Why is the most important Christian holiday nowhere mentioned by name in the Bible?
Actually, the word “Easter” does appear in the Bible, but only once—and only in one translation. Among all major English translations of the Scripture, only the King James Version uses the word “Easter.” I won’t go into the history of that particular translation choice, but I will go into how to use Logos to puzzle out what’s going on—even if you don’t know Greek. And if you don’t have Logos, stick around: I’ll explain why this important word doesn’t show up in other English translations.
If you search your Top Bibles in Logos for “Easter,” you get just one hit: KJV, Acts 12:4. But you, diligent student that you are, are probably wondering, “Did they really call it ‘Easter’ that early? Acts 12 is very early on in church history. What Greek word is this translating? Esteros or something?”
If you right click on the word “Easter” in your KJV 1900 (the standard KJV edition in Logos packages), you’d get . . . nothing. There isn’t a Strong’s number attached to this word, like there is for pretty much all the other words you’ve ever looked up.
Hmm . . . That’s odd. What is going on here?
So you try another method of figuring this out: you call up your reverse interlinear. Still nothing. Sort of:
Do you see that little dot in the highlighted column? That’s called a “null.” It means that “Easter” isn’t marked as a translation of anything in the Greek. It’s a bullet: •.
Did the KJV translators just stick “Easter” there randomly?
No: note that there’s another null—another “•” symbol—in the “Surface” (English text) row. That means there was a Greek word that the KJV translators left untranslated: pascha.
Aha . . . Now we’re getting somewhere. In fact, “Easter” is a translation, but the taggers here indicate that pascha in this context simply couldn’t mean “Easter,” so they were unwilling to tie the two together!
What you really want, if you want to get to the bottom of this, is to right click on pascha in the interlinear ribbon and dig in a little further. Choose “Lemma” on the right, and then “Bible Word Study” on the left. You get links to dictionary definitions, a list of all the times the word gets used in the New Testament, and something really helpful within that list: the senses from the Bible Sense Lexicon.
Notice that the list of uses is divided into three at the bottom:
- Passover (which is the sense 16 of the 29 times this word appears in the NT)
- Passover meal (which is the sense 11 of 29 times)
- Passover lamb (2 of 29)
Click the arrows next to any of these senses, and you’ll see the places they appear in the NT. Whatever the reason the KJV translators chose “Easter,” the Bible Sense Lexicon is implying that it really isn’t one of the genuine senses of the word in the New Testament. The word means “passover” (or “passover meal,” or, twice, “passover lamb”).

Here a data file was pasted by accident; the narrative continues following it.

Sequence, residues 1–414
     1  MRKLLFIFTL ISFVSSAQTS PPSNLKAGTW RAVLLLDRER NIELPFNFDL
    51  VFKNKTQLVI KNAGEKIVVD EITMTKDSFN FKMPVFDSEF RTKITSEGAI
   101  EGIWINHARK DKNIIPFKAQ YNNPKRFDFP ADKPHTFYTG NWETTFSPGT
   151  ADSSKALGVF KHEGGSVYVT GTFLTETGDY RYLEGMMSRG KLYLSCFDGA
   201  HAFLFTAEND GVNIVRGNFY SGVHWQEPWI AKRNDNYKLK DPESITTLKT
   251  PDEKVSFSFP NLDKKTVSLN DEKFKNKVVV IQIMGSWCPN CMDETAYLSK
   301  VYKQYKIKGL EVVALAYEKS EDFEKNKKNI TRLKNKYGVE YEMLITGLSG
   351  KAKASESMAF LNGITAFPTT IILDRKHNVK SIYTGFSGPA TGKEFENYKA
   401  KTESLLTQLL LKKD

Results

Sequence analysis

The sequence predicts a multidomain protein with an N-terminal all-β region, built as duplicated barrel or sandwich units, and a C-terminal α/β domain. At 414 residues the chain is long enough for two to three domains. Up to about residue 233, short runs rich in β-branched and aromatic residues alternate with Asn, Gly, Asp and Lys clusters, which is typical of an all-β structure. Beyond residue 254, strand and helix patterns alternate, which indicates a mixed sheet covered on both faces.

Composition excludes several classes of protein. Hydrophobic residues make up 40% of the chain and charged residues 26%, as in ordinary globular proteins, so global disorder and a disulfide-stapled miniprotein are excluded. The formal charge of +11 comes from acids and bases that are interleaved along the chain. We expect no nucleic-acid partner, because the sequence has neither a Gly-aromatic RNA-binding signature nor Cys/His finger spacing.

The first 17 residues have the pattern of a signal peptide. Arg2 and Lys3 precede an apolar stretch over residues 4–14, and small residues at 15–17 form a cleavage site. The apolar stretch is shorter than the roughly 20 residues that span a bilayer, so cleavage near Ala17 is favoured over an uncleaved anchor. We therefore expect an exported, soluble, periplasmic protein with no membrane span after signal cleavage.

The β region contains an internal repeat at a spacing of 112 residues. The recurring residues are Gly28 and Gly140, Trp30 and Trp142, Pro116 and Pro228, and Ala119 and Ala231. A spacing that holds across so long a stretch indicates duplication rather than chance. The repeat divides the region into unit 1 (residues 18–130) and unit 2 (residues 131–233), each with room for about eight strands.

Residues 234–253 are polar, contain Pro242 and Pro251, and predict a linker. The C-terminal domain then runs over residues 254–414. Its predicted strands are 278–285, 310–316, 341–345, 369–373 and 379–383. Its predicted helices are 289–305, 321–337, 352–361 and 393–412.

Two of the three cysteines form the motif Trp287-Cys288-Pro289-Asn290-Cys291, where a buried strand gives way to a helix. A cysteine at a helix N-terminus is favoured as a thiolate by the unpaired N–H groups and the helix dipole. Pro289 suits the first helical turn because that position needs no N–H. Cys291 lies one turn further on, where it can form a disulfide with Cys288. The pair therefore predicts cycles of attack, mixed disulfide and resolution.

The question, then, is whether or not the word in Acts 12 refers to a Christian celebration or a Jewish one. “Easter” is a Christian word, “Passover” a Jewish one. The text of Acts 12 makes it sound like it’s Herod “talking” when the word pascha is used:
When [Herod] had seized [Peter], he put him in prison, delivering him over to four squads of soldiers to guard him, intending after the [pascha] to bring him out to the people.
What does Easter mean?
If you use the Bible Word Study by clicking on the drop-down arrows, you’ll see that among the 29 uses of pascha in the New Testament, not one of them can clearly be used to speak of the Christian holiday of Easter. All but three of them are from the Gospels, anyway, before the Resurrection even occurred. The standard Greek-English lexicon says that “the Easter festival” is a sense of the word pascha that developed only “in later Christian usage.” It’s very unlikely that “Easter” was a thing when Luke wrote Acts. That’s why no translations but one use the word.
(Interestingly—language is so cool—the word “Easter,” like the word “east,” comes from a word that meant “dawn,” which always shows up in the east. The Resurrection is associated with a new dawning. Greek’s pascha is directly related to the Hebrew word for “pass over,” the word used to refer to what the angel of death did in Exodus 12 when he saw doorposts with lamb’s blood. He “passed over” those homes. Most languages derive their word for Easter from their word for Passover; English and German are the big exceptions.)
The Bible Sense Lexicon is a user-friendly way to dig into Greek terms even if you don’t know Greek. Handle with care, of course. But do handle. You could get yourself in an awkward situation if you adopt only one translation (be it the KJV or the NASB or the NIV) and 1) never check others or 2) never try to access the Greek and Hebrew through Logos. Does inspired Scripture say “Easter” or not? It’s an important question.
Prepare your heart for Easter
Now that we cleared that up, here’s an even bigger question: how are you preparing your heart for Easter? Take a look at our hand-picked selection of Easter resources—from quick-read booklets to more in-depth Mobile Education courses.